DIXIE NOIR
A heapin' helpin' of Southern-fried pulp 

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HEY! AN ARTICLE ABOUT INTERACTIVE TOURISM IN DIXIE NOIR MADE THE USA TODAY TECH PAGE! IF YOU WANT TO CHECK OUT SOME OF THE REAL-LIFE LOCALES IN THE BOOK, PLEASE VISIT THE NEXT PAGE, "DIXIE NOIR INTERACTIVE TOURISM"....



"Jim Thompson in the Deep South. Proof that noir will never die..." 
STARRED REVIEW, KIRKUS REVIEWS (Oct 1, 2009
)

"....
Sensitively explores still simmering racial tensions in the South and includes a lovely tribute to Zelda Fitzgerald...."
PUBLISHERS WEEKLY (Sept 21, 2009)

"Each brilliant character distinguishes itself with a set of simmering passions and obsessions. Carrying their unique but always somewhat dangerous pasts close behind, this cast moves within a history-rich city that is flooded with its own ghosts. Perhaps Montgomery itself is the most important character in Dixie Noir—so fraught is it with memories of racial conflict and conflagration that it seems to infect its inhabitants, its politics, and even its sweltering climate."
— 
FOREWORD (January/February 2010)


He wanted redemption.…But could he keep clean in the Dirty South?

 

When disgraced former Alabama football star Ennis Skinner is released from prison after ten years, all he wants is to make his amends. Earning forgiveness isn’t easy in an unforgiving town like Montgomery, Alabama, however—not in a Southern capital still haunted by its complicated legacy as the birthplace of both the Civil War and the Civil Rights Movement. Ennis is no sooner reunited with his ailing father—a one-time hero in the Movement—than he is drawn into investigating the disappearance of the daughter of the dead girlfriend responsible for his downfall. As a vulnerable nineteen-year-old incapable of distinguishing fantasy from reality, this girl—nicknamed “Dixie”—may just hold the key to mysteries that will determine whether Montgomery will put its past to rest by electing its first-ever African American mayor.…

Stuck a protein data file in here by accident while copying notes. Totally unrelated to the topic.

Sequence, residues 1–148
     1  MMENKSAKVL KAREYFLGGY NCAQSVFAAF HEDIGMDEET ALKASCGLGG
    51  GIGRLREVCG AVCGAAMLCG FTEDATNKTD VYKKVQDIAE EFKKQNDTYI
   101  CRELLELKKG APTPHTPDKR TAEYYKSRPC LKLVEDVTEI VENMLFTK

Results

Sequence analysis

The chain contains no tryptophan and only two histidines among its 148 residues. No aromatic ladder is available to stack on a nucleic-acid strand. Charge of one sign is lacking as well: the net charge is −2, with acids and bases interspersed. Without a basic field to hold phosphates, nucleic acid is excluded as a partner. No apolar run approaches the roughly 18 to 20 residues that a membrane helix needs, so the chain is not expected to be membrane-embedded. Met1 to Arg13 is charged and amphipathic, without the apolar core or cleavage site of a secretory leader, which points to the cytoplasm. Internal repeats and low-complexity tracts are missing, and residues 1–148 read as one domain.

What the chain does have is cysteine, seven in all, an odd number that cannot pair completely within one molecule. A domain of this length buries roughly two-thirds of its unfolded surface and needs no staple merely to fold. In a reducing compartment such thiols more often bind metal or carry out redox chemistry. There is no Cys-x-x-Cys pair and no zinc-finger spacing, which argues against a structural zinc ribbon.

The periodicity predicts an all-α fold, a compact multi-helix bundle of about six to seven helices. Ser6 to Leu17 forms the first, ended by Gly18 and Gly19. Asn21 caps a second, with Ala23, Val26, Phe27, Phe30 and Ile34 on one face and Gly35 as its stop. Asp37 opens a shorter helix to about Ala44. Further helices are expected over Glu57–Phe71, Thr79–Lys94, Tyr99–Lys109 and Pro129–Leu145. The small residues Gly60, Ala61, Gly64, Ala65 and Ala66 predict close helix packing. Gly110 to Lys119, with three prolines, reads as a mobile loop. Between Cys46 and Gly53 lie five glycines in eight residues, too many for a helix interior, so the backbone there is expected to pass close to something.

As Ennis’s search for Dixie becomes a quest for personal redemption, he encounters a colorful cast of characters, each with his or her own peculiar ties to Alabama history: High C, the methamphetamine cook-cum-hometown publishing magnate whom Ennis tried to kill a decade earlier; Walk Compson, the “Great Man” of history who returns to the fight for racial equality after a curious period of self-exile; Amory Justice, the incumbent mayor who, with his dirty-tricks loving daughter, Reese—known locally as “the Kudzu Ann Coulter”—will go to any length to stay in power; and, finally, Red, the Zelda Fitzgerald-quoting painter whose body art represents a uniquely alluring effort to exorcise the demons of the South.… 
          At once fast-paced and character driven, Dixie Noir is as sticky and overheated as an August afternoon in the land of cotton.





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